correctness" where views which don't respect the idea of "the

                        problematized self" or a critical attitude to society are to be
                        discouraged on the forum. You want contributors to have faced their personal
                        "dark night of the soul".



                         



                        Answer: I wasn't thinking of you, actually, but you are
                        correct that "shiny happy people existentialism" is not
                        existentialism. If that describes you, I am sorry for that, but I am confident
                        of my position vis-a-vis the literature, which goes by the ascription of
                        "existentialist" and which has everything to do with the mode of
                        thought called the same.



                         



                        What you mean by "political correctness" eludes
                        me. What politics would you like espouse that you feel is too politically
                        incorrect, as far as I or anyone else goes? Gulags, extraordinary renditions,
                        waterboarding? Doesn't sound like you. Or are you saying that it is all-too
                        "political correct" to mention the 'dark night of the soul', rather
                        than champion some Prosac inspired crap about how a day with a big utilitarian smile
                        is like a day without sunshine?



                         


                        Wil






                        -----Original Message-----
                        From: jimstuart46 <jjimstuart@...>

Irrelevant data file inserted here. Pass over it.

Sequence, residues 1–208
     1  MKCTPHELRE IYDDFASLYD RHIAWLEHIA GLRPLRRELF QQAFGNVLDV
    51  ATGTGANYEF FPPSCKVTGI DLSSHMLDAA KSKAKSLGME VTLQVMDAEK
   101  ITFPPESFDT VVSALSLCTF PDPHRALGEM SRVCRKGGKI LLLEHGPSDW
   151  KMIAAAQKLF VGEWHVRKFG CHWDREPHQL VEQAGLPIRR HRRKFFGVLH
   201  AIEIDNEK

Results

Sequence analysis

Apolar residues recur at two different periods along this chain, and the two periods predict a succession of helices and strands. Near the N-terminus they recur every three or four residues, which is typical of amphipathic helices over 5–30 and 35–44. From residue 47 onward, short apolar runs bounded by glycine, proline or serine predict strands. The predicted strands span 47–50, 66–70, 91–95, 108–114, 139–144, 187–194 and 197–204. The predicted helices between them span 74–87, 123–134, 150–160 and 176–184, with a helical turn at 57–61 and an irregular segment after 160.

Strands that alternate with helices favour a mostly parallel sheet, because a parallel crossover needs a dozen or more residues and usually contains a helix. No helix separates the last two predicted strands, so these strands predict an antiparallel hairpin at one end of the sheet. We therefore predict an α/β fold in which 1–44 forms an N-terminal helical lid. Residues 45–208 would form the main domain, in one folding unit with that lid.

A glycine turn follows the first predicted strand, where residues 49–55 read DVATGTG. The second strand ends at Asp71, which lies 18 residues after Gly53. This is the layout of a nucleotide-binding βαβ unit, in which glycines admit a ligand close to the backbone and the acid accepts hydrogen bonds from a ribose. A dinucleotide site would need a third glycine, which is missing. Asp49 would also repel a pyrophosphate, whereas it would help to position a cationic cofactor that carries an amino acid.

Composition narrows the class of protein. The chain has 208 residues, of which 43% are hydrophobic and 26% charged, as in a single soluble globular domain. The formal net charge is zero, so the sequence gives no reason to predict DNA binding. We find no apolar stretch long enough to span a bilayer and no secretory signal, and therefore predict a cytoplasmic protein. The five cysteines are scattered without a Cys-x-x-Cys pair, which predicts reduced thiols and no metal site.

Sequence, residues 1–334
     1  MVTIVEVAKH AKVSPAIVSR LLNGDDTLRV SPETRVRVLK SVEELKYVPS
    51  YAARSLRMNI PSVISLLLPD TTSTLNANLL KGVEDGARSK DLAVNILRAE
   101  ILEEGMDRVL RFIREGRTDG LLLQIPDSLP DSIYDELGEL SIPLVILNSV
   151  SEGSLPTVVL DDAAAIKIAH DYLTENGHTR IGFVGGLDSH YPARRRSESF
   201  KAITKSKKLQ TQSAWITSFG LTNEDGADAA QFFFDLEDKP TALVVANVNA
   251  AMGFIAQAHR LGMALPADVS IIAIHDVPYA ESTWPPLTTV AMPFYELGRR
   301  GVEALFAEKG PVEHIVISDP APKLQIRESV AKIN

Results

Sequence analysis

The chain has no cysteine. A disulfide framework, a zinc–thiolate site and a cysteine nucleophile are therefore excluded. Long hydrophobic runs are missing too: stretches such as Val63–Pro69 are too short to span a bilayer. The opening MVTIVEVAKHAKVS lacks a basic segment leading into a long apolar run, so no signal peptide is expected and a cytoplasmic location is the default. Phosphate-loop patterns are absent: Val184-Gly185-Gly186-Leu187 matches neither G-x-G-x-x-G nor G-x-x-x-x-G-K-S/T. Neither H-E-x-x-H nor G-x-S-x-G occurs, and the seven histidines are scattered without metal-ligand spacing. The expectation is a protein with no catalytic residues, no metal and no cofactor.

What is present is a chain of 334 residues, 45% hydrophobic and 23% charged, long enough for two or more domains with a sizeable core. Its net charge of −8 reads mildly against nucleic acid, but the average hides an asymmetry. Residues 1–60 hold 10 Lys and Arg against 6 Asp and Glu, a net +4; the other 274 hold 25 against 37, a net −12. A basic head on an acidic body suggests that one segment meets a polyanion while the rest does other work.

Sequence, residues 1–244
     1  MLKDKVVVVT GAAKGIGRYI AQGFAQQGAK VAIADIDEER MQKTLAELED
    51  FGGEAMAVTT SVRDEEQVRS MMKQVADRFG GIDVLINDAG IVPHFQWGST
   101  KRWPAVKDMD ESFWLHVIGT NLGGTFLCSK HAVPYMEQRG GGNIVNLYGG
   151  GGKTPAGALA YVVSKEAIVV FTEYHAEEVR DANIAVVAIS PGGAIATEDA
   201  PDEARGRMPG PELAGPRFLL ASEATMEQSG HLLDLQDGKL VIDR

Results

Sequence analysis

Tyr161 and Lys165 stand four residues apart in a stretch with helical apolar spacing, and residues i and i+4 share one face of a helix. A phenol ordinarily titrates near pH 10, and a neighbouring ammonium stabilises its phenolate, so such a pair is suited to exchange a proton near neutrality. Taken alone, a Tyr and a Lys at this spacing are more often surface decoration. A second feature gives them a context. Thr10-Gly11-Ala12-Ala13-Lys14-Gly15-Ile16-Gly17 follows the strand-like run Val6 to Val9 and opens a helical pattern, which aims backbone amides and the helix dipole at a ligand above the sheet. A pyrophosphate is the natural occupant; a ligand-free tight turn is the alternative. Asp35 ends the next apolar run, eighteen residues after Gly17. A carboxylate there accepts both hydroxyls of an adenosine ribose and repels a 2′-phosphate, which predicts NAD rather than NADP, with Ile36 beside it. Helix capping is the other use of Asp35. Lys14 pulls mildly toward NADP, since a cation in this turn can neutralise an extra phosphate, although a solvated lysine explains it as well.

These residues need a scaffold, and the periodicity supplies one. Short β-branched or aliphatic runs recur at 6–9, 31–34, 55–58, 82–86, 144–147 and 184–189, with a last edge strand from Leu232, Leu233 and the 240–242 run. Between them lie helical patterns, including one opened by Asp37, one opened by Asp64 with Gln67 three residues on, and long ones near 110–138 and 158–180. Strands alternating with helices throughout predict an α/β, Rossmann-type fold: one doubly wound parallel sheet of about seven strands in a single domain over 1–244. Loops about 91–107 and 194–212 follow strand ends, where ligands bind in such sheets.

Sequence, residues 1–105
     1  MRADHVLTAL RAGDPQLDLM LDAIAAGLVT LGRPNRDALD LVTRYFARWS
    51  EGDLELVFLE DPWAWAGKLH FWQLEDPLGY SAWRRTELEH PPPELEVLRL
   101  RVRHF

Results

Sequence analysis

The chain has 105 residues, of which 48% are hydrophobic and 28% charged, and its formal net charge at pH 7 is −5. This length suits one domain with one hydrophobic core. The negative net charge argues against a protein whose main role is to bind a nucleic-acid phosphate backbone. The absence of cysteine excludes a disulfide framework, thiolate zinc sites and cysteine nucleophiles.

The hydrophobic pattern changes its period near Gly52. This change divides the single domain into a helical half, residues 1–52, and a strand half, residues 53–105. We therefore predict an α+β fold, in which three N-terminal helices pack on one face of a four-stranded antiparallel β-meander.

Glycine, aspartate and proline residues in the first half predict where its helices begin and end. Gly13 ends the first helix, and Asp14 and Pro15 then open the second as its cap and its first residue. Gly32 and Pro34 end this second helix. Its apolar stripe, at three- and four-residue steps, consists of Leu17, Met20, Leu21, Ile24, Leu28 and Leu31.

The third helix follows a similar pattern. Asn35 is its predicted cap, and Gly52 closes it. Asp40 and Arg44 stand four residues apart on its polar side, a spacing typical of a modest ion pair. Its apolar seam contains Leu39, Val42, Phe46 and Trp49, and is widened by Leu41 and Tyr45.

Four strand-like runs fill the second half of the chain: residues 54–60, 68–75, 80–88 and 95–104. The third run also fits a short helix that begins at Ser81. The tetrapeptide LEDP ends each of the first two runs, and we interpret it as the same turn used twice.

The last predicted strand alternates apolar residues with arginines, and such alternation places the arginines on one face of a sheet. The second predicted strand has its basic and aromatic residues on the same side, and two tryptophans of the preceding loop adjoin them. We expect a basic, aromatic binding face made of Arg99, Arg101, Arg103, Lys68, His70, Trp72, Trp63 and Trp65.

To: existlist@yahoogroups.com
                        Sent: Thu, 1 Nov 2007 3:30 pm
                        Subject: [existlist] Re: Das last man

























                        Wil,



                        You seem to require two character traits of the genuine

                        existentialist:



                        "Heidegger was a reactionary; Nietzsche, an a-political elitist;

                        Kierkegaard, an evangelical of sorts, etc. Yet every one of them was

                        critical of his time and suspicious of any self-satisfied notion of

                        the Self."



                        True existentialists don't subscribe to "feel good ideologies"

                        or "flat cognitive/analytic notions of self". Further, true

                        existentialists "have faced the dark night of the soul".



                        I agree with the sentiments you express here, although I do wonder if

                        I am supposed to be one of your targets in your posts. Perhaps you

                        think of me as one of those who talks about freedom, being and

                        choice, but not in a sufficiently critical manner to count as a

                        genuine existentialist.



                        I feel that by your criteria I ought to count as a genuine

                        existentialist as I hold to Kierkegaard's account of the self, and to

                        the political outlook of Noam Chomsky and Naomi Klein. But I am not

                        concerned to justify my existentialist credentials here.



                        I agree with one aspect of what you are saying, and disagree with

                        another aspect.



                        I agree with you that an attitude of complacency and self-

                        satisfaction does not sit well with existentialism. An existentialist

                        confronts uncomfortable truths, and has a distrustful attitude both

                        towards himself (being wary of self-deception) and towards his